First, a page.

So, I just saw a really good point brought up by a user known as “Poco Yo” on Google +, with respect to being banned by Google+ for using a “fake” name.
If someone uses Google checkout, then they must verify their identity using a credit card – Checkout does not use Paypal, last I checked, and even if it did, Paypal has its own verification service.
So, I have to wonder, with Google touting that + is an “identity service”, and saying that a “fake” name is reason for getting kicked off of +, and perhaps off other services, why is it that they base so much on the NAME, when a large percentage of us have ALREADY verified our identities with our credit cards? You have all the information you need about me, Google, with that. I WILL NOT give you a driver’s license, birth certificate, or other bit of personal information, considering you can’t give me a viable outlook on what your data retention policy is – which means that its forever, IMHO.
And by the way, Google; in the case that we have used our credit card with you, then in actuality, you’re OPENING security holes by requiring that people use their real names here, or on any other service. Let me explain;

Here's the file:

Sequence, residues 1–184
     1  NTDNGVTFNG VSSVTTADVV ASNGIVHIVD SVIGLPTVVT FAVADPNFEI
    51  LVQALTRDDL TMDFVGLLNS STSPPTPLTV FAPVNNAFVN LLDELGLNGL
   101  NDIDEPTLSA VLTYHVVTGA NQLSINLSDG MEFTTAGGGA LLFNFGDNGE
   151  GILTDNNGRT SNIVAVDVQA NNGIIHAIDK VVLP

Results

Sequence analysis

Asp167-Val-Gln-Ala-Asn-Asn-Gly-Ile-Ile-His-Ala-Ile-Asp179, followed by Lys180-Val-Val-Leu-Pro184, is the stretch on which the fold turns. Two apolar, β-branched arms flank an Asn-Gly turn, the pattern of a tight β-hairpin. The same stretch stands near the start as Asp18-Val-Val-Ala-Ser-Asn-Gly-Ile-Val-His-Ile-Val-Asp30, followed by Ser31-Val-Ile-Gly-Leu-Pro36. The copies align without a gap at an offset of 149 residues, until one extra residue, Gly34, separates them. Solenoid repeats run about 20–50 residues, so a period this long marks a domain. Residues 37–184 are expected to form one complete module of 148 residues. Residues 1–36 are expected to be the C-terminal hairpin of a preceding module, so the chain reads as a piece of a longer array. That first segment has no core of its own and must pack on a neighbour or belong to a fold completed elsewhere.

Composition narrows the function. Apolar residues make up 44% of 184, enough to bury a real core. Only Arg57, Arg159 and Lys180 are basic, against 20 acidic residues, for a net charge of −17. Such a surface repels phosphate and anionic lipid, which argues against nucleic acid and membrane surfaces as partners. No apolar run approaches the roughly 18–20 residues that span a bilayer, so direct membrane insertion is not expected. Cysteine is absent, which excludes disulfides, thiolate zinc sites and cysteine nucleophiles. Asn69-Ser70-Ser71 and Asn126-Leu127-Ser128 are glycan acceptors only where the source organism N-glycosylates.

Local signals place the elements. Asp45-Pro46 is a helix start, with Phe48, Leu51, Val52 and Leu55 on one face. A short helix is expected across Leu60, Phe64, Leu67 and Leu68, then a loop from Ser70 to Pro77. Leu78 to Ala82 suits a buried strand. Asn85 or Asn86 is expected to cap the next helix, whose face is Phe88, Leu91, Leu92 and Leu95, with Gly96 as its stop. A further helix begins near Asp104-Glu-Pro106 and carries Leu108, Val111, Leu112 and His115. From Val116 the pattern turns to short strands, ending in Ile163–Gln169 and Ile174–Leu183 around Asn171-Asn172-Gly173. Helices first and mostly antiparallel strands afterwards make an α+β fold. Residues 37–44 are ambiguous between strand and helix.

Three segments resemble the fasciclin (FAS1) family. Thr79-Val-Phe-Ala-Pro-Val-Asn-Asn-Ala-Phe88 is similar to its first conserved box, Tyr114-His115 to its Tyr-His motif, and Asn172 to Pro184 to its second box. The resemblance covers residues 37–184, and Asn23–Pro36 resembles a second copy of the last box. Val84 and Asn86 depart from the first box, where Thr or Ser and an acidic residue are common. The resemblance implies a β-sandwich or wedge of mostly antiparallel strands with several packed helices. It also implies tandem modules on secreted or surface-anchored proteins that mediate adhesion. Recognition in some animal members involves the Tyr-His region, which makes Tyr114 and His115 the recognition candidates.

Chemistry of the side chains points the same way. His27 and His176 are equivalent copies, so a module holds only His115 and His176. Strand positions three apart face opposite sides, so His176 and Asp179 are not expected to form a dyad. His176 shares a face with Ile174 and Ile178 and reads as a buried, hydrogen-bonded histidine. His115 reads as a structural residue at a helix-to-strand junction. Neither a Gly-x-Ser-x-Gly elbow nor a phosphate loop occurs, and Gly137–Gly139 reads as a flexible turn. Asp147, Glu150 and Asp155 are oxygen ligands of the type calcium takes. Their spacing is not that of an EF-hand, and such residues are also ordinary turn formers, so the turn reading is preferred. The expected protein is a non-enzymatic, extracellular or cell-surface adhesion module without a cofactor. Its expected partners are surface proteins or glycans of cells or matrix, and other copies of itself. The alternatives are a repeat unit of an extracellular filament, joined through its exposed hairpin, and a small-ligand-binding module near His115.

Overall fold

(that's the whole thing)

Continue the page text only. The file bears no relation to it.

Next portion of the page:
Let’s look at other online shopping sites, such as ebay, one of the oldest online shopping sites on the Internet. While Paypal stepped up as a third party service to facilitate online payments via ebay, there has never been a policy to use one’s real name on ebay as one’s username, nor is there on Paypal, and a very little amount of people do use their real name, as such. Why? Because it’s bad security practice. Requiring that one use one’s real name on ebay, or Amazon, or another shopping site online, opens security holes, FAST. Some social engineering could net many, many credit card numbers and logins, without even trying, because you’d already have someone’s real name. Phone trees are easy to manipulate, and so are phone reps.
So there’s another reason that your nym policy sucks, Google; SECURITY. Shouldn’t you care about that? Or are you going to tell us that user security is higher than ever these days? Maybe you can get Sony to chime in on that one, right?